If you want to work in a banking technology role these days, it helps to know where the demand is. Yes, there may be plenty of jobs out there for certain skill-sets, but if the candidate market is saturated or the skills commoditized, the chances are your job will be sent to a lower cost destination.

With this in mind, we looked which programming languages are being asked for in major financial centres – through the jobs advertised on eFinancialCareers – and how many candidates on our CV database possessed these skills.

Based upon this analysis, these are the hottest programming languages to know in the financial sector right now.
1. Python: 6.8 candidates for every available job

The rise of Python in investment banking has been rapid and widespread. Banks use Python for pricing, risk management and trade management platforms. More recently, they’ve been reprogramming their trading systems to run off Python rather than other, clunkier languages.

Most banks ask for Python in conjunction with Java. With or without Java, however, our stats suggest there aren’t that many Python jobs out there. – There are fewer jobs requiring Python skills than any other programming language. The good news is that candidates with Python skills are rarer still, with the result that the ratio of candidates to roles is very favourable (for candidates).
2. C++: 8.5 candidates for every available job

C++ has enjoyed something of a reversal of fortunes over the past 12 months, largely because of increased demand from less obvious sources, combined with the relative shortage of programming expertise.

“C++ is used in situations where speed is everything,” says Paul Elworthy, director of tech recruiter iKas. “We’ve seen more requirements not just from the large banks, but also high frequency trading and smaller prop trading houses.”
3. C#: 10.7 candidates for every job

Investment banks are bringing in C# WPF developers from the bottom up – offering packages for graduates willing to make the move into an investment banking tech role. They’re also hiring old hands to assist with everything from front-to-back projects to cross-asset class trading platforms.

“C# remains a sought-after skill-set in investment banking, but there’s a challenge finding people not just with the skills, but with the depth of knowledge that banks require,” says Paul Bennie, director of IT in finance headhunters Bennie MacLean.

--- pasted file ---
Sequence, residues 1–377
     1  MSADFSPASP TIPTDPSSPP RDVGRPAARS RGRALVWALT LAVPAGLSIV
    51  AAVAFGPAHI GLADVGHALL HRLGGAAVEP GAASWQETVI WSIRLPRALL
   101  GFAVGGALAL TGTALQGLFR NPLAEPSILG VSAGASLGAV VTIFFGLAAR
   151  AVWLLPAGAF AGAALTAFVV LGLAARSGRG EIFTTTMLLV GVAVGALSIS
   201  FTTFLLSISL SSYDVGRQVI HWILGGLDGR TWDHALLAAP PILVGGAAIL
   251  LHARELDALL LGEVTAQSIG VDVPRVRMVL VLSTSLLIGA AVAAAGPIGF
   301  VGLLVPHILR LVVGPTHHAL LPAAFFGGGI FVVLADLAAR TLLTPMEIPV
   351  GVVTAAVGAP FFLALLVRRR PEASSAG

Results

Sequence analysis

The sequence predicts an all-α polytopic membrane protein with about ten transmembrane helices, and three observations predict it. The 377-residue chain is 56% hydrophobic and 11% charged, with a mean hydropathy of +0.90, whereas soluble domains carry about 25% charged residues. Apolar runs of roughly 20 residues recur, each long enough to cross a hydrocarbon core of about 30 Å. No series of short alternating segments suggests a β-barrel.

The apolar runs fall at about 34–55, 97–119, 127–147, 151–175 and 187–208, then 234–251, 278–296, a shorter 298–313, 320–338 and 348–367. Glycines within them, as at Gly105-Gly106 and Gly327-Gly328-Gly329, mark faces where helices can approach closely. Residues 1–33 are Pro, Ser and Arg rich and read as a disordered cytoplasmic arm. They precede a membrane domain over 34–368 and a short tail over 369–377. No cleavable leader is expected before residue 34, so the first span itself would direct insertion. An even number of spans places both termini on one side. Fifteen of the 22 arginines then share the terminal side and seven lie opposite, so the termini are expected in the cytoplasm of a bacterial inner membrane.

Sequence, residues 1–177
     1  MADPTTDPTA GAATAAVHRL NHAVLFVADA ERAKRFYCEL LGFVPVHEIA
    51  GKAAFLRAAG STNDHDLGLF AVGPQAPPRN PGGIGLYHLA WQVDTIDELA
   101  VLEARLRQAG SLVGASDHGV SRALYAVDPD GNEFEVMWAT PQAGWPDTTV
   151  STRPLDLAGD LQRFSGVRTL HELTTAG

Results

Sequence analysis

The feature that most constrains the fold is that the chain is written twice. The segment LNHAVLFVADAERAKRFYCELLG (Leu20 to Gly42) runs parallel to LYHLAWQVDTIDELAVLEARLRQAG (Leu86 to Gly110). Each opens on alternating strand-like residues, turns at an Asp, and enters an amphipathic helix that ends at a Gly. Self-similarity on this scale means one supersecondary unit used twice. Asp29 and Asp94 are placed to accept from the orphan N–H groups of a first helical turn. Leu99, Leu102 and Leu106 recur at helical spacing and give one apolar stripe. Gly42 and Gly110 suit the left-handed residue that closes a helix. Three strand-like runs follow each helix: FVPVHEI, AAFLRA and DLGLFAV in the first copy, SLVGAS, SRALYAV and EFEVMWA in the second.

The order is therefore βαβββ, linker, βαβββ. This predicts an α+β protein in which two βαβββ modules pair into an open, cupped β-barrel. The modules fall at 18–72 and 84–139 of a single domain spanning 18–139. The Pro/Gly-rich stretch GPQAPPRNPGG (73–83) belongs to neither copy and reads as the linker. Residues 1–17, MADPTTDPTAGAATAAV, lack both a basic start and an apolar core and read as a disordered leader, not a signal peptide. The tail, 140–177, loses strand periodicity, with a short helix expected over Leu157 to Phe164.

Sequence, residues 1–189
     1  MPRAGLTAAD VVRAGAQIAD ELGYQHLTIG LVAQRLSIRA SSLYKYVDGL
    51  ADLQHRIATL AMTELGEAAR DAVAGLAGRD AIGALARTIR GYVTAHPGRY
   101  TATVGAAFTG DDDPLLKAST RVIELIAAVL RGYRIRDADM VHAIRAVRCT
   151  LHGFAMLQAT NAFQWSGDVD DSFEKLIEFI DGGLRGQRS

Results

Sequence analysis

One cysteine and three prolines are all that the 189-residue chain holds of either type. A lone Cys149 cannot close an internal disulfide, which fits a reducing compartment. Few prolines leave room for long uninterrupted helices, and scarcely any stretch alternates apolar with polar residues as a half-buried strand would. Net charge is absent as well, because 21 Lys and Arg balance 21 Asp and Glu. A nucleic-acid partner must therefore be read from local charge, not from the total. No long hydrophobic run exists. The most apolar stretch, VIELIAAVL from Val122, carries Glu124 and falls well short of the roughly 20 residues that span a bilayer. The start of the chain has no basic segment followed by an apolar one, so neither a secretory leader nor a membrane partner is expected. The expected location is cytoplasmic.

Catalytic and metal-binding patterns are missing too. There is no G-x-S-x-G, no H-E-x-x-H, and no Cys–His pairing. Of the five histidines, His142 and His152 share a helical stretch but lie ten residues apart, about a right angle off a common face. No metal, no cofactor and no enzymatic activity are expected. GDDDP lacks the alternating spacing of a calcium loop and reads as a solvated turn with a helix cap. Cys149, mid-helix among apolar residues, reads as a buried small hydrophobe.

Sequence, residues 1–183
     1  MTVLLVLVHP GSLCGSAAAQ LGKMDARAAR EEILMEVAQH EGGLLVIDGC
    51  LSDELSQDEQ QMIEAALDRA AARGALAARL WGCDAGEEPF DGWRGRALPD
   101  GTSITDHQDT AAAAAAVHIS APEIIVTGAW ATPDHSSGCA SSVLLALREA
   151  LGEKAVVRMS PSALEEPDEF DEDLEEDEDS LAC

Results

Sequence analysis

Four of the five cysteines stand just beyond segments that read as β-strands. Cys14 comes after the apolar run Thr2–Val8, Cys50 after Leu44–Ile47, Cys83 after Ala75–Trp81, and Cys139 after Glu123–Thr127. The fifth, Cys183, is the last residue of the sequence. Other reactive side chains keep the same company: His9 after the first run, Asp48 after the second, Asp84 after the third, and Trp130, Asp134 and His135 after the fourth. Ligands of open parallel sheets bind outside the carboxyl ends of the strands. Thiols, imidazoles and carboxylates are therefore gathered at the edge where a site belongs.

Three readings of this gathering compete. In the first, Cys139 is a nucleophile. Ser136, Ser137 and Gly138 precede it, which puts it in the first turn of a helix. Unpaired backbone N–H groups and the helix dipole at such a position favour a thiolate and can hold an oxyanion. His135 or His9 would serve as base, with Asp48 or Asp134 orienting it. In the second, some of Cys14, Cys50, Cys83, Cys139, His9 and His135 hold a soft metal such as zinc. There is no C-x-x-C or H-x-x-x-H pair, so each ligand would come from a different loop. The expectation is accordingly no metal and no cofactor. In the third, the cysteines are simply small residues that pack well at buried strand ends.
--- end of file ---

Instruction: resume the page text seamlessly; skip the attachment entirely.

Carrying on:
4. Java: 15.3 candidates for every available job

Java is pre-eminent in investment banking, but as banks’ need for new developers diminishes, Java programmers have fallen out of fashion. This is a problem when, as has long been the case, there’s no shortage of people on the job market with the knowledge of Java.

The key now is to present both your domain expertise, along with any complimentary technology skills you may have.

The most employable Java candidates now are also well-versed in Scala and – increasingly in the Big Data-led world, Oracle’s Coherence, says Bennie.
5. SQL: 16.7 candidates for every available job

There are more technology jobs asking for knowledge of SQL than any other programming language in banking. Unfortunately, it’s often as a secondary requirement for other development roles and is coupled with a huge supply of candidates claiming to have knowledge of it.

“SQL is part of a developer’s tool-kit, not a core requirement,” says Bennie.
6. HTML 5: 23.4 candidates for every available job

Getting programmers on board who can develop mobile apps or online banking solutions in the retail space, or client-pleasing front ends for trading applications is a key concern for financial services firms. Unfortunately, knowledge of HTML5 is relatively commonplace.

This doesn’t necessarily mean that these jobs are easy to fill. “From a client perspective, demand has picked up for HTML5 and the issue a lot of banks face is not finding the skills, but finding people who can create the kind of scale needed by large financial institutions,” says Elworthy.